Contract marketers’ wages outpace perm staff

Contract marketers are seeing their pay rise at three times the rate of permanent staff, fuelled by increased demand for contract staff from cautious companies looking to reduce fixed costs, according to research.


Recruiter Robert Walters’ annual salary survey of marketers found that contractors on fixed long or short-term deals saw their pay increase buy an average of 3.4% year-on-year in 2011. Permanent marketers’ salaries grew 1.1% last year.

Use of contractors is increasing but their number is not rising with demand, pushing rates up, Robert Walters says.

Tim Gilbert, director of marketing recruitment at the recruiter, says: “Currently we’re finding that when a marketer leaves a job, employers are looking to make absolutely sure they appoint the right replacement.

“In essence, hiring firms are being cautious when making decisions. Employers are therefore recruiting contractors to fill vacancies initially on an interim basis, giving them extra time to ensure they make the right permanent hire.”

David Thorp, research director at the Chartered Institute of Marketing, says that it is not just a cost saving exercise but a strategic move to pick and choose from a wider talent base.

“The use of contractors not only enables businesses to harness the skills of individuals who are best aligned to a particular project or priority for them, but ensures a better ROI by removing the longer-term commitment associated with a full-time position.”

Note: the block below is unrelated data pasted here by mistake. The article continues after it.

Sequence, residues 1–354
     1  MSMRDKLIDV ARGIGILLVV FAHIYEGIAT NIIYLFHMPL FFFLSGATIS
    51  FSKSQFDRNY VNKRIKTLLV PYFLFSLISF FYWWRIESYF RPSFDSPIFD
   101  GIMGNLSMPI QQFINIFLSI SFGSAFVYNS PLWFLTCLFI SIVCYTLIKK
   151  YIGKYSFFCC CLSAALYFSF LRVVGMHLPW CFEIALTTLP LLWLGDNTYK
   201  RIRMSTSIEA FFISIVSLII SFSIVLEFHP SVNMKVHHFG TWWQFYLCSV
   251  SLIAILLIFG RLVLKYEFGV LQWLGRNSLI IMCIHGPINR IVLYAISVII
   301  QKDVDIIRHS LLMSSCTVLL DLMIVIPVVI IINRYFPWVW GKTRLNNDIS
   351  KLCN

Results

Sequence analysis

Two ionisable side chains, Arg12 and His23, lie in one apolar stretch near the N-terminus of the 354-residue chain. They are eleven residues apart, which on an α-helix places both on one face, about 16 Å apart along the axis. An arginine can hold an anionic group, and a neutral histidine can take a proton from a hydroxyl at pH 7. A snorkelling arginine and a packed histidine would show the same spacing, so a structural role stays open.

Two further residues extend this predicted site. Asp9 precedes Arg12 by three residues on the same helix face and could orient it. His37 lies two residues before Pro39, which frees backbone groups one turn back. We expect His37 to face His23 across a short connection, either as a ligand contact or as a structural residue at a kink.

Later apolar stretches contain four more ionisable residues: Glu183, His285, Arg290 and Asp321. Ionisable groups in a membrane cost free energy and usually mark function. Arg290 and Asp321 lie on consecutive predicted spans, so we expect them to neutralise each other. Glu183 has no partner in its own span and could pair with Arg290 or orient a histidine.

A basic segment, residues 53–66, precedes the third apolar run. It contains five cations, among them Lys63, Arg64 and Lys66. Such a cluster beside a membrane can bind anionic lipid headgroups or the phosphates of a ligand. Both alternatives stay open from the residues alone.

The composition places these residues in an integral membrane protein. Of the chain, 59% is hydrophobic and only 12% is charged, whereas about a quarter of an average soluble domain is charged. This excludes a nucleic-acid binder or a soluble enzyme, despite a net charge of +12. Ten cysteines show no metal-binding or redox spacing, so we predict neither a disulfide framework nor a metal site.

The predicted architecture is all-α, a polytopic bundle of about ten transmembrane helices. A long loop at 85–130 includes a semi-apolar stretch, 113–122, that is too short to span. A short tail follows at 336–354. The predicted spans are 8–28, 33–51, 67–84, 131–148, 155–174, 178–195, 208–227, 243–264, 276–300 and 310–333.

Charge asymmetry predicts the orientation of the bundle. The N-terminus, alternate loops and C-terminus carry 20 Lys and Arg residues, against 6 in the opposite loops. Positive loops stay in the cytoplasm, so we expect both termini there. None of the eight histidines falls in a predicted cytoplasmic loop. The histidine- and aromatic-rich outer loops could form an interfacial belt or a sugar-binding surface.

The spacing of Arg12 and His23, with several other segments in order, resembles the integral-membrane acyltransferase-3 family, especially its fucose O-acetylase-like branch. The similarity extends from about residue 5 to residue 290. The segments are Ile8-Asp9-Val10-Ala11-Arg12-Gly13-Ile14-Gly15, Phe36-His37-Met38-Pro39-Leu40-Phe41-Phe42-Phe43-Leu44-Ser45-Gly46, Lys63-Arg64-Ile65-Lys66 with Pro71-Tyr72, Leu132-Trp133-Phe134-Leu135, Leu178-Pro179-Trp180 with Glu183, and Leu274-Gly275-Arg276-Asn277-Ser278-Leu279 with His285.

Increased rates for digital marketing contractors climbed at the steepest rates. The top rate director level temporary staff can expect is £100 per hour, up from £80 in 2010. Manager level contractors can demand £45 per hour, up from £40 a year earlier.

Permanent digital marketers also enjoyed the biggest increases with digital directors paid £120,000, up from £100, 000 a year earlier. These findings were echoed in the Marketing Week/Ball & Hoolahan salary survey earlier this year.

The report was based on an analysis of jobs that Robert Walters worked on in 2011.



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